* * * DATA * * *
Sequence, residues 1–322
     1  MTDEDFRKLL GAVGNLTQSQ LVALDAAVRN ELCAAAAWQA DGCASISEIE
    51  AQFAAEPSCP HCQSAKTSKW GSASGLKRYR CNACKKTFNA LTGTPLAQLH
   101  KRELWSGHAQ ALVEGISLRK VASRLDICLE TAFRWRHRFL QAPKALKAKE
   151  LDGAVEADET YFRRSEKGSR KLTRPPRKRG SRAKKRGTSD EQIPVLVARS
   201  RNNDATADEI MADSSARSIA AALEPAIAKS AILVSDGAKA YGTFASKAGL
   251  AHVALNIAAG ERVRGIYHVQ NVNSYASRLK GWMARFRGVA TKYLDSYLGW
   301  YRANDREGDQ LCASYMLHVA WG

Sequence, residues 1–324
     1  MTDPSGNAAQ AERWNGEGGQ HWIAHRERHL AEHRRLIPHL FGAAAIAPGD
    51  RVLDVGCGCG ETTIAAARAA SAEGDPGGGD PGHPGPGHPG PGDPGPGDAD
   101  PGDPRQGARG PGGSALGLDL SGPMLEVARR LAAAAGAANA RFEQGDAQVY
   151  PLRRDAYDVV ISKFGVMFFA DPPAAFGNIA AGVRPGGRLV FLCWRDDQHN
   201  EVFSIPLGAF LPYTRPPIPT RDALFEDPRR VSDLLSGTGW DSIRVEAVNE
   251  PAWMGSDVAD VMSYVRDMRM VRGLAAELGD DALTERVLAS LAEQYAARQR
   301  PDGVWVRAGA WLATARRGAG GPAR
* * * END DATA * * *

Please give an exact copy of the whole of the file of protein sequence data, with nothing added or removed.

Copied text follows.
Sequence, residues 1–322
     1  MTDEDFRKLL GAVGNLTQSQ LVALDAAVRN ELCAAAAWQA DGCASISEIE
    51  AQFAAEPSCP HCQSAKTSKW GSASGLKRYR CNACKKTFNA LTGTPLAQLH
   101  KRELWSGHAQ ALVEGISLRK VASRLDICLE TAFRWRHRFL QAPKALKAKE
   151  LDGAVEADET YFRRSEKGSR KLTRPPRKRG SRAKKRGTSD EQIPVLVARS
   201  RNNDATADEI MADSSARSIA AALEPAIAKS AILVSDGAKA YGTFASKAGL
   251  AHVALNIAAG ERVRGIYHVQ NVNSYASRLK GWMARFRGVA TKYLDSYLGW
   301  YRANDREGDQ LCASYMLHVA WG

Sequence, residues 1–324
     1  MTDPSGNAAQ AERWNGEGGQ HWIAHRERHL AEHRRLIPHL FGAAAIAPGD
    51  RVLDVGCGCG ETTIAAARAA SAEGDPGGGD PGHPGPGHPG PGDPGPGDAD
   101  PGDPRQGARG PGGSALGLDL SGPMLEVARR LAAAAGAANA RFEQGDAQVY
   151  PLRRDAYDVV ISKFGVMFFA DPPAAFGNIA AGVRPGGRLV FLCWRDDQHN
   201  EVFSIPLGAF LPYTRPPIPT RDALFEDPRR VSDLLSGTGW DSIRVEAVNE
   251  PAWMGSDVAD VMSYVRDMRM VRGLAAELGD DALTERVLAS LAEQYAARQR
   301  PDGVWVRAGA WLATARRGAG GPAR